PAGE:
Racing UK and Sky Join Forces; Australian Horse Racing Ban Steroids and Drug Seizure Has No Ties to British Horse Racing

Racing UK and Sky Join Forces; Australian Horse Racing Ban Steroids and Drug Seizure Has No Ties to British Horse Racing

Racing UK sells it’s rights to the broadcaster Sky, Australia learn from Britain’s mistakes and ban anabolic steroid use in horse racing, and the British Horse Racing Authority gives reassurances that a seized consignment of veterinary products has no link to the racing industry.

Racing UK and Sky Join Forces; Australian Horse Racing Ban Steroids and Drug Seizure Has No Ties to British Horse RacingIf you are a British horse racing punter then you are going to be delighted to hear that the pay-tv channel, Racing UK, has sold it’s rights to its service to the satellite broadcast giant Sky in a three-year deal.

Racing UK, owned by the Racecourse Media Group, has the TV rights for most of the top class racing at Cheltenham, Aintree, Newmarket and Epsom, and currently charges punters a fee to watch their winners passing the finishing line. It’s believed their subscriber list runs into up to 44,000 in-home subscribers and 3,600 pubs, clubs and bookmakers.

Sky already have a racing channel called ‘At The Races’ and it’s believed rather than set up two different racing channels – they tried this with The Racing Channel and it went belly-up – they are going to amalgamate the two products into one channel jam-packed with the very best racing action in Britain.

“Not only does the deal benefit both parties strategically, but it is also good for racing.” Richard Fitzgerald, the chief executive of Racecourse Media Group, told The Times.

No steroids for Australian horses

Just five months after the British based Godolphin trainer Mahmood Al Zarooni was banned for eight years for administering horses under his care with anabolic steroids, the Australian Racing Board (ARB) has moved to ban steroid use in Australian horse racing.

The ban will take effect from 1 May 2014 and will apply to all thoroughbreds from the age of six months.

“The ban on anabolic steroids goes far beyond any other racing jurisdiction outside of Europe, and was decided by the ARB Board after lengthy consideration of veterinary and scientific advice, and consultation with trainers’ and owners’ associations,” chief executive Peter McGauran told BBC sport before continuing, “The ARB has adopted a zero-tolerance policy to the use of anabolic steroids and will institute heavy penalties for breaches of the ban.”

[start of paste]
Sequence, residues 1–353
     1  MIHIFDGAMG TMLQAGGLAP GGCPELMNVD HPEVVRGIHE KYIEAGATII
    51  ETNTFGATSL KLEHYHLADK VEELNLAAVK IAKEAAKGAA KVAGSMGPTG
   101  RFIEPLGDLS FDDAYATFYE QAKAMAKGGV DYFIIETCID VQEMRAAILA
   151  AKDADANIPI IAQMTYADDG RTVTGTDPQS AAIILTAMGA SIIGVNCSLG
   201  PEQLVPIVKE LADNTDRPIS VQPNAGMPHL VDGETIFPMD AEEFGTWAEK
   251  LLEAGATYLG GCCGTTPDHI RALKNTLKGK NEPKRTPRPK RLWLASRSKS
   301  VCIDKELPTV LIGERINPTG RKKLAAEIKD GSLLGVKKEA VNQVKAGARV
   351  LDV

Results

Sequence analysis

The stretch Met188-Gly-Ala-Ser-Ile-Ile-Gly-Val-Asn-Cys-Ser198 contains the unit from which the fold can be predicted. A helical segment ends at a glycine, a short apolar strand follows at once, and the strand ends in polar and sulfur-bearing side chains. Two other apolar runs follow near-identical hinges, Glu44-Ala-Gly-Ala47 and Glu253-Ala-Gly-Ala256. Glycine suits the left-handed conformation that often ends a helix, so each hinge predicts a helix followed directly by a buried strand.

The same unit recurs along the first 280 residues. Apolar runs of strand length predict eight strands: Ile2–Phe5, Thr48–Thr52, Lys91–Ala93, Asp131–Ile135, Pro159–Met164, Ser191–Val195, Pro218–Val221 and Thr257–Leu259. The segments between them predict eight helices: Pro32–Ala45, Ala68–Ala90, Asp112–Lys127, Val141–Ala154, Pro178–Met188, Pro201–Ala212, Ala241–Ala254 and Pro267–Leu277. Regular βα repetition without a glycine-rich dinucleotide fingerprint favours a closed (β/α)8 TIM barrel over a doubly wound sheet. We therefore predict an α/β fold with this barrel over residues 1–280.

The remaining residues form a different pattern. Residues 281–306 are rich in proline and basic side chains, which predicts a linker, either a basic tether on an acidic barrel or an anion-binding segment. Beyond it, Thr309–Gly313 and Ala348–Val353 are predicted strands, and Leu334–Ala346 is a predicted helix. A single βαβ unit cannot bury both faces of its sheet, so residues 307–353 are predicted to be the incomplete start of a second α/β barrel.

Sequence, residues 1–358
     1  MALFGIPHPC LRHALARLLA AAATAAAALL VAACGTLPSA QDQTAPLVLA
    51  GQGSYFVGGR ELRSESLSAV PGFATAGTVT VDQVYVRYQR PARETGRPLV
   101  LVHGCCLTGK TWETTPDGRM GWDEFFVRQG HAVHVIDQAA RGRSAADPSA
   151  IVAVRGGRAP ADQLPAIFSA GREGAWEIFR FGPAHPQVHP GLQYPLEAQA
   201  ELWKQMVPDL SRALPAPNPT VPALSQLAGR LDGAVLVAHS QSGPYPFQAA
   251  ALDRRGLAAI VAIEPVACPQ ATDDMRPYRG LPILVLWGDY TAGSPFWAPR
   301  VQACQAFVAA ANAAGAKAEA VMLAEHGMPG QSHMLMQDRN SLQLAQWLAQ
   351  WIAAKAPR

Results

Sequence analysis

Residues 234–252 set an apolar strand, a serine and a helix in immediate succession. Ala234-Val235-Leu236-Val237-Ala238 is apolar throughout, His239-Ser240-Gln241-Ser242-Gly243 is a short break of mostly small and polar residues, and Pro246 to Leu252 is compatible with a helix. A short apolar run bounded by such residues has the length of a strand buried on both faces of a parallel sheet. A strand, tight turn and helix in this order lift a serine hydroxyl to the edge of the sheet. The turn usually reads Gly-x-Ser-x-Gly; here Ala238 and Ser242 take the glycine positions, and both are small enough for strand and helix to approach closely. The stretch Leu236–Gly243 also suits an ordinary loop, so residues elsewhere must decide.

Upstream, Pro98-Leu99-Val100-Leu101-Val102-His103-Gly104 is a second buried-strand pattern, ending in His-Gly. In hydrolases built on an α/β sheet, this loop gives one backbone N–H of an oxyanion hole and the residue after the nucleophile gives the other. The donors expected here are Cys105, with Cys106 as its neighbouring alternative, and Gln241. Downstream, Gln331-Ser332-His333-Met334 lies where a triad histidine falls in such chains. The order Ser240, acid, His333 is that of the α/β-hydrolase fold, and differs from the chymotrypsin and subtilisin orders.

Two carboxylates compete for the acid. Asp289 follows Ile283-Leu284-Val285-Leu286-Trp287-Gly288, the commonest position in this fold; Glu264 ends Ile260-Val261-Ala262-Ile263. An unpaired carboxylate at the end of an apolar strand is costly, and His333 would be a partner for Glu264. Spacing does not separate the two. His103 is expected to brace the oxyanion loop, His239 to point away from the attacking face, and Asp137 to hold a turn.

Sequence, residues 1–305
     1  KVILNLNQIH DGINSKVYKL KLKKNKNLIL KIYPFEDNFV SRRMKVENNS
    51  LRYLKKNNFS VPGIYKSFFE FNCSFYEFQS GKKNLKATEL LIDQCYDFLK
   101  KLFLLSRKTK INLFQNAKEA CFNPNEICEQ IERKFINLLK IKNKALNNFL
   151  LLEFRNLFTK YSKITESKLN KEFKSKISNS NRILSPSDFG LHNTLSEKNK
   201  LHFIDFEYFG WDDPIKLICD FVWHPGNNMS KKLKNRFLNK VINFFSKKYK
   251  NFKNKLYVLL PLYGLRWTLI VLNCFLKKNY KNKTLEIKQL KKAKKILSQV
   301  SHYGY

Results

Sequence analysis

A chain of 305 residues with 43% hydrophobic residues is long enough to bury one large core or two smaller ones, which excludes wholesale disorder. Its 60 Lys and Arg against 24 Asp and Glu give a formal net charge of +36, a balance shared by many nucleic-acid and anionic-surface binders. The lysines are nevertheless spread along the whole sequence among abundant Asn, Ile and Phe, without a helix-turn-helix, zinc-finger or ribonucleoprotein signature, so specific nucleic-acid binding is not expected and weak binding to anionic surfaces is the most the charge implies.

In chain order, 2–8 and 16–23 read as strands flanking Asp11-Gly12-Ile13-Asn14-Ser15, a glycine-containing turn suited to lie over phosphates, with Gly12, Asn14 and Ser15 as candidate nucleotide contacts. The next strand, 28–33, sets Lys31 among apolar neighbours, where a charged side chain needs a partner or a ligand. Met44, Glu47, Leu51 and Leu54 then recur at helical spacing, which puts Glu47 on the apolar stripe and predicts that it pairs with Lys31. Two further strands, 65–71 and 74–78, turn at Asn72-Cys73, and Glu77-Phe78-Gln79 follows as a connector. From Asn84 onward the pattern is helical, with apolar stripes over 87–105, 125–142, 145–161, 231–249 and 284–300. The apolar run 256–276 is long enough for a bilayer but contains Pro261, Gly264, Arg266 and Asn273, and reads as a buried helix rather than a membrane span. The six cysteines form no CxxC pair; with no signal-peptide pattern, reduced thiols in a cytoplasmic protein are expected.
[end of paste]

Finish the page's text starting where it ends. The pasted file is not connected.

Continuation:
Unlicensed veterinary products were not destined for use in British horse racing

The British Horse Racing Authority (BHA) have assured the racing community that a seized consignment of veterinary products that were not licensed for use in Britain, were not destined for use in the British horse racing industry.

The news will come as a huge relief for a sport that has had its fair share of drug stories with the Godolphin steroid debacle and Frankie Dettori cocaine scandal.

The products were recovered from Moorley Farm East in Newmarket, and the potential link came about because Darley Stud Management, the company behind Sheikh Mohammed’s breeding operation, owns the farm.

BHA Spokesman Robin Mounsey told BBC News, ‘this is a matter for DEFRA (department for Environment, Food and Rural Affairs).

“The BHA became aware of the seizure from Moorley Farm as a consequence of our existing working relationship with Defra, as two regulatory bodies with interests which are occasionally shared.

“Defra notified us of the seizure of veterinary care products which are not all licensed for use in the UK. They also clarified that in the view of the Defra there is no link between the seizure and the racing industry and the products were not intended for use on thoroughbreds.

“The property in question is not licensed by the BHA and we understand it is not part of Darley’s racing operation.”

It’s reported that 124 veterinary medicinal products were seized in the haul.